Thursday, July 07, 2016

The Table Has Turned – Pope Sets Bishops A-Blase

Well, that was quick – less than a month since Cardinal William Levada's 80th birthday left Washington's Cardinal Donald Wuerl as the lone American member of the Congregation for Bishops, the Pope has added a second hand in his top Stateside pick to date.

At Roman Noon today, Francis tapped Archbishop Blase Cupich of Chicago to join the all-important Thursday Table, which recommends appointees to the pontiff across the developed world. The first Windy City prelate to sit among the 30 Hatmakers, the move provides a significant boost in the handling of the US' sprawling docket of nods, and likewise ensures that the process will produce choices in the "pastoral" mold which the Pope explicitly indicated to the membership shortly after its 2013 reboot, and then reinforced to the Stateside bench in a potent message during last September's visit.

Having made a sound impression on Papa Bergoglio and his allies with his contributions at last year's Synod, it is nonetheless rather rich that Cupich – no stranger to the process from his days as an aide at the Washington Nunciature – has been named to the very body which Francis bypassed on the Chicago appointment, taking the file to himself upon its arrival in Rome to conduct his own consultations and make the choice alone. In any case, as Wuerl and Cupich have long had a sound working relationship in managing the rungs of the USCCB, the new arrangement is certain to make for a minimum of conflict, with the duo likely to split the respective oversight of nods East and West of the Mississippi, and forging a solid consensus in terms of votes. In other words, the role long played by Cardinal William Wakefield Baum's salon overlooking St Peter's Square – where the bulk of two generations' worth of Stateside appointments were decided – has effectively moved to the Rectory of Holy Name Cathedral.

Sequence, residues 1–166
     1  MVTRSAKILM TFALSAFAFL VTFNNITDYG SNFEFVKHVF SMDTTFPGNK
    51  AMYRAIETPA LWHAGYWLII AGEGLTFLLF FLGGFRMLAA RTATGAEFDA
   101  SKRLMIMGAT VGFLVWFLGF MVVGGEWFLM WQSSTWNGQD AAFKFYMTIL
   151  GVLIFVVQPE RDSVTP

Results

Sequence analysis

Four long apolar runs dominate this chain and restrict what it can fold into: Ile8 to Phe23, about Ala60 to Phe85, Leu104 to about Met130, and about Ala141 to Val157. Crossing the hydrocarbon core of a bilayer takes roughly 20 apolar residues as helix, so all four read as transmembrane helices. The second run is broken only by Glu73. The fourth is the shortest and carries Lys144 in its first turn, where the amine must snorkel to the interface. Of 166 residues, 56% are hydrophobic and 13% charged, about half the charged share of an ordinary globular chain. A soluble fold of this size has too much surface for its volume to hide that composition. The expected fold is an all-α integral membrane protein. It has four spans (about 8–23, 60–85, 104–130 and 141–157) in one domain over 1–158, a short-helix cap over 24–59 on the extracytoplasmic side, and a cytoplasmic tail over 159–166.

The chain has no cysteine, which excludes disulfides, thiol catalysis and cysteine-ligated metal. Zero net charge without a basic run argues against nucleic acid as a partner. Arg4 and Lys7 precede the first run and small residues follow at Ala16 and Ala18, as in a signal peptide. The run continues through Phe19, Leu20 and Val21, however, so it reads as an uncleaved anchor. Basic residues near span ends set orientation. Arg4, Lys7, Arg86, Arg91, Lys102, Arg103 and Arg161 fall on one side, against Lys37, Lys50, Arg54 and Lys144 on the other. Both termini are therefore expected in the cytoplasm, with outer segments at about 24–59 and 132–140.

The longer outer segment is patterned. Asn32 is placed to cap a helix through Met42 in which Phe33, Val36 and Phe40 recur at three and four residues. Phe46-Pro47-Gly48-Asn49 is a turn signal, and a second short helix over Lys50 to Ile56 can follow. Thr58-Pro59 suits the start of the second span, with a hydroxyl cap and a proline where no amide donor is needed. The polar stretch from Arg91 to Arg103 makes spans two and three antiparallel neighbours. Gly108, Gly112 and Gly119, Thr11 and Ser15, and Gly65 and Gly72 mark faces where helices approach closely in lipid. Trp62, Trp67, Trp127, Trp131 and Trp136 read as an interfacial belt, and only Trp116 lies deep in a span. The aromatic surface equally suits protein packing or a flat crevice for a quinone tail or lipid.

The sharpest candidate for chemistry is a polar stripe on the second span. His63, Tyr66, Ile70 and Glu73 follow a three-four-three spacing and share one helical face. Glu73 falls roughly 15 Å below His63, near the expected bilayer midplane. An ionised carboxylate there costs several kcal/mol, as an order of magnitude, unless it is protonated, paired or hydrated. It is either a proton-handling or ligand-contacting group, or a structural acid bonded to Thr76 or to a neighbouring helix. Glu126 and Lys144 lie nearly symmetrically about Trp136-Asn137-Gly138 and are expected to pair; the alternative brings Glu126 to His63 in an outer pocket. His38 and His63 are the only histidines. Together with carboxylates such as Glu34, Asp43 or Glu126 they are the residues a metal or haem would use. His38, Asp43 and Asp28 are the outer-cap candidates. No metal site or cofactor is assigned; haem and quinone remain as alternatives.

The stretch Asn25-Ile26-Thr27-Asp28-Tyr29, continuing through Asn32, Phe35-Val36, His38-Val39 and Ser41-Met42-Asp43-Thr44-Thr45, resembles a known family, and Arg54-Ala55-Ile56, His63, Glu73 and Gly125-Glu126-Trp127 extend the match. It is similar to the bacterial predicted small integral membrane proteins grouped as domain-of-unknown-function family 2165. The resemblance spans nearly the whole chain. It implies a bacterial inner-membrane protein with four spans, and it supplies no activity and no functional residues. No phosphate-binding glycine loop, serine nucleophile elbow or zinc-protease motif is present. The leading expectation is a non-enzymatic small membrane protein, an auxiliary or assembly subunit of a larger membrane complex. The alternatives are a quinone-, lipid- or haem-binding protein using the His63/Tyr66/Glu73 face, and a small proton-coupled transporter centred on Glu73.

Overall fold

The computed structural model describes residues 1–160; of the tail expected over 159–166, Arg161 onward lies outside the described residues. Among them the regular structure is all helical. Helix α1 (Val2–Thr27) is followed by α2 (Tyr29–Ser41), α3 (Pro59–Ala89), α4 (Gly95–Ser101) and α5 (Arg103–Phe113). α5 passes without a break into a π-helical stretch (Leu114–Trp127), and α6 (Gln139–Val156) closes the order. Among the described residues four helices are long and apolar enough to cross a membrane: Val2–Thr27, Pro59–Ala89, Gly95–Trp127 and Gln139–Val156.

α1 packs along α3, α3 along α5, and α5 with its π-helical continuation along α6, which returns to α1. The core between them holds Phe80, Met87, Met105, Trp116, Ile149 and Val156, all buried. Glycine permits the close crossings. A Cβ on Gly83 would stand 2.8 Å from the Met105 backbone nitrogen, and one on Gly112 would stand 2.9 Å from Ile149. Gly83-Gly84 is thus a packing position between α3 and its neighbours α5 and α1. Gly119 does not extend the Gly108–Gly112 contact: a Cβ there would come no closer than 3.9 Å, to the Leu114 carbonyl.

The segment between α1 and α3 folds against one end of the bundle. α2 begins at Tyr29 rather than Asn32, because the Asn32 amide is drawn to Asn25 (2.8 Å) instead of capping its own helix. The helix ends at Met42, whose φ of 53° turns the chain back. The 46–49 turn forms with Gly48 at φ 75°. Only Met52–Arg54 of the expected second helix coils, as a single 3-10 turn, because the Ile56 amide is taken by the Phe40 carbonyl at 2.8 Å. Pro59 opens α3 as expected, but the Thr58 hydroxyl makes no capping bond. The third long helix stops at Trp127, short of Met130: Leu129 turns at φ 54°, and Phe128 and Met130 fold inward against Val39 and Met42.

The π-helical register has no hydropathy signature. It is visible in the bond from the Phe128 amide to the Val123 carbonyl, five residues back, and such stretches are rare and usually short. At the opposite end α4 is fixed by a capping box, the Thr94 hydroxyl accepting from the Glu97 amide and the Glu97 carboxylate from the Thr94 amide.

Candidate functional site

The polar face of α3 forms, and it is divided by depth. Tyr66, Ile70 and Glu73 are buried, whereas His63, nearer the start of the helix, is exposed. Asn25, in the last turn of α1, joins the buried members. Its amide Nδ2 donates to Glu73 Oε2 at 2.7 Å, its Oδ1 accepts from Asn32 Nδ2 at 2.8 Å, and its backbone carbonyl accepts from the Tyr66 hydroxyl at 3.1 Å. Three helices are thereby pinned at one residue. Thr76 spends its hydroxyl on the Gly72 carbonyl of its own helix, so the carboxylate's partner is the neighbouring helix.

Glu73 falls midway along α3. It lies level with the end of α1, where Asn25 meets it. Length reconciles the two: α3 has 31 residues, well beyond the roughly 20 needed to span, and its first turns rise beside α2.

Along those lines, it's critically important to recall the task both Wuerl and Cupich will trade off for the States as the ponente – the designated member who, in each case, is assigned to review the reams of documentation in depth to present a summary and recommendation to the entire congregation to guide its choice. Had just one American remained on board, the home workload involved could've seen some files entrusted to the other two English-speaking members – Cardinals Vincent Nichols of Westminster or George Pell, the Australian prefect of the Secretariat for the Economy. Now, the domestic files will remain in domestic hands, and given the congregation's freedom to disregard a Nuncio's terna – which has been exercised with some frequency over the last decade on US picks – some interesting results are practically bound to crop up.

At the same time, another competence of the congregation bears noting: far more than merely providing for appointments, Bishops enjoys sweeping authority to investigate prelates for alleged misconduct and recommend their removal from office. Having scored high marks for his handling of abuse, child protection and other good-governance issues both as a diocesan bishop and USCCB chair, as Cupich has already made a public call to urge the effective implementation of Francis' new norms to combat abuse of office by bishops and religious superiors, he's now been placed squarely in a position to push the project to a thorough conclusion.

As the Stateside docket goes, topping the current pile are three key spots in the Northeast: Rockville Centre, Arlington and Newark – all in the range of a million Catholics and each disproportionately influential with their respective places in the New York and Washington metropolitan zones – rounded out by a host of long-pending requests for auxiliaries from coast to coast.

While said Northeastern trio is likely to set off a chain reaction of other openings as current prelates are moved up, the new duo might be in for yet more company at the Hatmakers' Table, as wide speculation over recent weeks has tipped an American to be named as the first head of the newly-merged super-dicastery for Family, Laity and Life which launches on September 1st, a post which will in all likelihood come with its own seat on Bishops.